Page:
When did the CPC start running Candian telecoms?...,
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reading from the same page of two different stories...,
have had this on my shelf for a year or so now, waiting patiently for me to finish other things. I'm about half-way through both Alvin Rubinstein's Russian Foreign Policy and George F. Kennan's The Nuclear Delusion and decided to take a little break from foreign relations, a vacation suspended by page 2 as Noble immediately puts his subject inside the context of foreign relations:
between 1945 and 1968, the Department of Defense industrial system supplied $44 billion of goods and services, exceeding the combined net sales of General Motors, General Electric, Du Pont, and U.S. Steel.
--David Noble, Forces of Production p.5, citing Seymour Melman, "The War Economy of the United States", 1971.
Even Rubinstein's relatively narrow frame for the Soviet foreign policy (see the next post) fails to summon up a threat worthy of what was spent then, and Kennan in no uncertain terms complains of the country being whipped into various undue and paranoid hysterias to justify unnecessary levels of military spending - 100 nuclear ICBMs being as effective a deterrent as 34,000.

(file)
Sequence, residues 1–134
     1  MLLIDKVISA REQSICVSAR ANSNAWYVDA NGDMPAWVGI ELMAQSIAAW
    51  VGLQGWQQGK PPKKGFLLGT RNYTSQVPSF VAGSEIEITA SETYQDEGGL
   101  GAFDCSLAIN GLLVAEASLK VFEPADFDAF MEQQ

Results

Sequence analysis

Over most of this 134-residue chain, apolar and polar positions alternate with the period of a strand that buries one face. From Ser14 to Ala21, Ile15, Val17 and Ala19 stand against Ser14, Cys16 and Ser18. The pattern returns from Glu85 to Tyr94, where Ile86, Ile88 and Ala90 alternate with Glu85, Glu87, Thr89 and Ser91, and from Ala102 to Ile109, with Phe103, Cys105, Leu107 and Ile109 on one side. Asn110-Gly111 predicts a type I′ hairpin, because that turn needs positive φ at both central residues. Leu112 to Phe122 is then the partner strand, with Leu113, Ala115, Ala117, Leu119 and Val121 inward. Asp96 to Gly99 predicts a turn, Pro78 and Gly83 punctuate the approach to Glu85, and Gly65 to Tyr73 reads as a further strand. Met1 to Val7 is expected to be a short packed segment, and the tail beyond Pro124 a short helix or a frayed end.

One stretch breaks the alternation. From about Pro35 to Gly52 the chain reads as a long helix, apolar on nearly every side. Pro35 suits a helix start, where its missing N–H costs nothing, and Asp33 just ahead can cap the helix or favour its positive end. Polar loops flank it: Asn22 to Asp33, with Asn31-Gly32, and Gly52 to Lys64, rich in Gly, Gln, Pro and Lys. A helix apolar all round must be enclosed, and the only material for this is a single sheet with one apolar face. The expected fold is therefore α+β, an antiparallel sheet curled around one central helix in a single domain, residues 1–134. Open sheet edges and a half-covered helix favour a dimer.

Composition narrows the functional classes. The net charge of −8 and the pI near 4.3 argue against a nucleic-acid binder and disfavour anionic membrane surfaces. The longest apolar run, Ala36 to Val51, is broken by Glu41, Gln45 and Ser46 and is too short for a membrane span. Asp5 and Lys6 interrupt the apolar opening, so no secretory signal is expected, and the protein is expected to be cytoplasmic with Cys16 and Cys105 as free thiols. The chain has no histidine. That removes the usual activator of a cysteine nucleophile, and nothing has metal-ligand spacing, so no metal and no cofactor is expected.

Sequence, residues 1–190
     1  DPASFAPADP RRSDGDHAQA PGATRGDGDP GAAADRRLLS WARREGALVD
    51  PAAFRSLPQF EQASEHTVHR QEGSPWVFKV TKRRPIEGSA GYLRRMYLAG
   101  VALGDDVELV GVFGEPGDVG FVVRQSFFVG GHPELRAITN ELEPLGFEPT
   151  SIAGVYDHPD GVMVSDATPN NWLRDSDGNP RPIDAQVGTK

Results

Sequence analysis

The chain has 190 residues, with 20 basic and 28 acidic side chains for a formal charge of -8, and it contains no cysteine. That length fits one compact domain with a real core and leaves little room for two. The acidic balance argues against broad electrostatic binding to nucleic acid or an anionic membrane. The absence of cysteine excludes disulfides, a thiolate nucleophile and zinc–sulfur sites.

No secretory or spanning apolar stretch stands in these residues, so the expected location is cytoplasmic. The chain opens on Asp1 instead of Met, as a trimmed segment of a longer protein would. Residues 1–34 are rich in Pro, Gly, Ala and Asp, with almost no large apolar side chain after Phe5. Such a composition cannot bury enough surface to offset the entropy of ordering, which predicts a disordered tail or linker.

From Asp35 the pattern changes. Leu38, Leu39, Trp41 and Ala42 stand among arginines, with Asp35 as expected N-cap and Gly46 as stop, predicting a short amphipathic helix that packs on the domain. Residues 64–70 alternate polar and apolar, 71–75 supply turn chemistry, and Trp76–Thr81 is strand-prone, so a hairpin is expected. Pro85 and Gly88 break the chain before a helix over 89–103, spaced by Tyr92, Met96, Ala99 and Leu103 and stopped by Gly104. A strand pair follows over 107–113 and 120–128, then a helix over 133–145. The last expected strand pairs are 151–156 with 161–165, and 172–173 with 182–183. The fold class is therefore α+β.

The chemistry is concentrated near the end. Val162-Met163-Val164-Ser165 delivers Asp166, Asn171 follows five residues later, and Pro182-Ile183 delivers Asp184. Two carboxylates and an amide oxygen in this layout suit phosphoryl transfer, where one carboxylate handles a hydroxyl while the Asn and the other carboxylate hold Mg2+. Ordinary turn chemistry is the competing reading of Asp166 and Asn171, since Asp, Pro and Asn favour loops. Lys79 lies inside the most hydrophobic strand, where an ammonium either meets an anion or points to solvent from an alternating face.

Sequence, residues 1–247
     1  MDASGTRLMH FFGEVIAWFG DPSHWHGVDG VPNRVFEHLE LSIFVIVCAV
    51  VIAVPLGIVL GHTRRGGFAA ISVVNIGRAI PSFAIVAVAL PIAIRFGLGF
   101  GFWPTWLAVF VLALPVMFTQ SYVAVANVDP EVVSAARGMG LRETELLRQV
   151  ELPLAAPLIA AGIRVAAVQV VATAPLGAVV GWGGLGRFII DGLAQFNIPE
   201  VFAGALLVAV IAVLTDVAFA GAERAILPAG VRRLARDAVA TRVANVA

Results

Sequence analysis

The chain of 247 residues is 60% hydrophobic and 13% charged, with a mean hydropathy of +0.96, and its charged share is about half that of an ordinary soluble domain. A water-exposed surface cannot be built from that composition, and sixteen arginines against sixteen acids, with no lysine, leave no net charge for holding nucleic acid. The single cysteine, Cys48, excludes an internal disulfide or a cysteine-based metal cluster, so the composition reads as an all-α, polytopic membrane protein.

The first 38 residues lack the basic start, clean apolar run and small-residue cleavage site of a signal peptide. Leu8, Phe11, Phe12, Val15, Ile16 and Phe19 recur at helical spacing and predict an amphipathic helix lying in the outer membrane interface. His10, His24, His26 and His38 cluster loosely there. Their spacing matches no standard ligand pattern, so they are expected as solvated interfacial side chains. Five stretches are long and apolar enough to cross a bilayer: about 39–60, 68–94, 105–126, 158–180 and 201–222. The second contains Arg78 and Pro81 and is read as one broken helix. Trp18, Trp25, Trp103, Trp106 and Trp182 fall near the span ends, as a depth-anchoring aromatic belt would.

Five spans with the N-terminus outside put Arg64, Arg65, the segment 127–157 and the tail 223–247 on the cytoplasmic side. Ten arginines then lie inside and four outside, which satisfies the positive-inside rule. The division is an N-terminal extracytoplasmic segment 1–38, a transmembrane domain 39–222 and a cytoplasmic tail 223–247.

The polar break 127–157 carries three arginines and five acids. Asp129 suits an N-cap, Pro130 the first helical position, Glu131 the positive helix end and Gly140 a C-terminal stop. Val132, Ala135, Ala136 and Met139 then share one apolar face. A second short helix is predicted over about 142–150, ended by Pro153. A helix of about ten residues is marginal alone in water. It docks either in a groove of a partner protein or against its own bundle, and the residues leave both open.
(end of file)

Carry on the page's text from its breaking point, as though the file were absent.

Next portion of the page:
But lets put those first decades of the Cold War spending in some present context: assuming Noble is quoting 1971 dollars that's equivalent to about $205 billion in 2004 dollars, or as little as 1/8th of our total defense spending just last year, which, mind you, would include some interest payments on defense related debt incurred between 1945 and 1968. To be a little facetious: if we were to measure fear by its outlays why are we 184 times more paranoid now than we were during the McCarthyite/Stalinist/Korean War era or, say, the escalatory phase of Vietnam?
The spending, as it is, is being used to develop and build petrol-dependent military equipment to fight defunct methods of warfare against countries that poise no threat to us. If we were a sane nation we would redirect most of the funds towards community/neighborhood level sustainable/alternative energy projects yesterday and save on our "defense" spending tomorrow.
Instead we're redirecting funds we don't have towards giving the oil cartels more tax breaks. When we finally, at the last moment, decide to start something like the "apollo project" it's going to almost certainly end up a massive public subsidy to existing energy firms to finally buyout/develop some means of keeping the country going without limitless supplies of cheap petrol: the Bushes and the Cheneys and Exxons will still control the lifeblood of the nation, whether its black gold, wind power, tidal mills, or so much compressed hot air.